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GST on offline/online games such as Rummy - game of skill versus game of chance - principle of nomen-juris

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Dated: 23-5-2023



Validity of show cause notice (SCN) issued to demand GST on the activity of offline/online games such as Rummy

The main question/issue that arises for consideration in these petitions is, whether offline/online games such as Rummy which are mainly/preponderantly/substantially based on skill and not on chance, whether played with/without stakes tantamount to ‘gambling or betting’ as contemplated in Entry 6 of Schedule III of the Goods and Services Act, 2017.

The petitions challenging a mere show cause notice is premature and not maintainable and is liable to be dismissed.

In the case of State of Madras vs. Gannon Dunkerley & Company (Madras) Ltd - [1958 (4) TMI 42 - SUPREME COURT], the issue before the Apex Court was whether the provisions of the Madras General Sales Tax Act are ultra vires, insofar as they seek to impose a tax on the supply of materials in execution of works contract treating it as a sale of goods by the contractor. In this context, the Apex Court interpreted the words “sale of goods” in Entry 48 in List II of Schedule VII to the Government of India Act, 1935 and applied the principle of nomen-juris to come to the conclusion by holding that the expression “sale of goods” in Entry 48 cannot be construed in its popular sense but that it must be interpreted in its legal sense. The Court held that if the words “sale of goods” have to be interpreted in their legal sense, that sense can only be what it has in the interpretation that words of legal import occurring in a statute should be construed in their legal sense is that those words have, in law, acquired a definite and precise sense, and that, accordingly, the legislature must be taken to have intended that they should be understood in that sense.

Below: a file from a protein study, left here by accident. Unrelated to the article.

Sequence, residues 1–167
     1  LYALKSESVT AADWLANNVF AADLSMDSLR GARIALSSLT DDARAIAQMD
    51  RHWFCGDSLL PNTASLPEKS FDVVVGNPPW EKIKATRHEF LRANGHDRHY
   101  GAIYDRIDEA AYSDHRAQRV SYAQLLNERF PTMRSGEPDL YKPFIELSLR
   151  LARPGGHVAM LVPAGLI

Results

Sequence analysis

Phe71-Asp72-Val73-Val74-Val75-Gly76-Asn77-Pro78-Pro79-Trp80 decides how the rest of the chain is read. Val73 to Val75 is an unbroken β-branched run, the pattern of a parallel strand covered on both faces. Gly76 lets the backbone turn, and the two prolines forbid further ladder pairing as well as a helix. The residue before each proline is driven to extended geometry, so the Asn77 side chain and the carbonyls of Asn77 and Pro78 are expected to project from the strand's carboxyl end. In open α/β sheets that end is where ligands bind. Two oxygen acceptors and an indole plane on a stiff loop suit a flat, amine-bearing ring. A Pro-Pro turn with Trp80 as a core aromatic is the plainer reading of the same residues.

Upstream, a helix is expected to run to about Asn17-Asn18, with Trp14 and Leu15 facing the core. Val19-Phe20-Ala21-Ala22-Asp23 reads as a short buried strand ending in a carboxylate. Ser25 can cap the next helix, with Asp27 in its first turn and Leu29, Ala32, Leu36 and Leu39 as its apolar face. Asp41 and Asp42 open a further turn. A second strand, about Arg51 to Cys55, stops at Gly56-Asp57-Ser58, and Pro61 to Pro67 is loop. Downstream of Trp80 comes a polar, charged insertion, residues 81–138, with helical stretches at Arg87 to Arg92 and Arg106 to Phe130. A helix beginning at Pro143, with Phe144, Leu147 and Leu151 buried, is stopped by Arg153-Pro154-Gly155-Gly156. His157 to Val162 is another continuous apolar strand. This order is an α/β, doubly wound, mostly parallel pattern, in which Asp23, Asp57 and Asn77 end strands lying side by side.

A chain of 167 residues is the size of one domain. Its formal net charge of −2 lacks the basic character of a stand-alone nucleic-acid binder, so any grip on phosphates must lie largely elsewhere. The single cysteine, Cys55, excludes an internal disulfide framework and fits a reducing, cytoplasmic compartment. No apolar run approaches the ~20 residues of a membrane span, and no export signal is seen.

Based on the jurisprudence [1958 (4) TMI 42 - SUPREME COURT], the words “gambling”, “game of chance”, “game of skill” have developed meanings in judicial parlance. Therefore, applying the principle of nomen-juris, the words should be construed in their legal sense, instead of general parlance. While “gambling” or “game of chance” have been held to involve chance as a predominant element, on the other hand “game of skill” has an exercise of skill which can control the chance. The element of chance cannot be completely overruled in any case but what is to be seen is the predominant element. In a game of rummy, certain amount of skill is required because the fall of the cards has to be memorised and the building up of rummy requires considerable skill in holding and discarding cards. Therefore, a game of rummy is a game of skill as held in Satyanarayana [1967 (11) TMI 109 - Supreme Court].


The terms “betting” and “gambling” under in Entry 6 of Schedule III of the CGST Act must be given the same interpretation given to them by the courts, in the context of Entry 34 of List II of the Seventh Schedule to the Constitution and the Public Gambling Act, 1867. Therefore, the terms “betting” and “gambling” appearing in Entry 6 of Schedule III of the CGST Act does not and cannot include games of skill within its ambit and must be so held as per the dictum set out above.

After having dealt with the rival contentions as stated supra, it is significant to state that a perusal of the impugned show cause notice as well as contentions and submissions of the respondents will clearly indicate that the same are an outcome of a vain and futile attempt on the part of the respondents to cherry pick stray sentences from the judgments of various Courts including the Apex Court, this Court and other High Courts and try to build up a non-existent case out of nothing which clearly amounts to splitting hairs and clutching at straws which cannot be countenanced and is impermissible in law.

Consequently, the impugned Show Cause Notice issued by the respondents to the petitioners is illegal, arbitrary and without jurisdiction or authority of law and deserves to be quashed.

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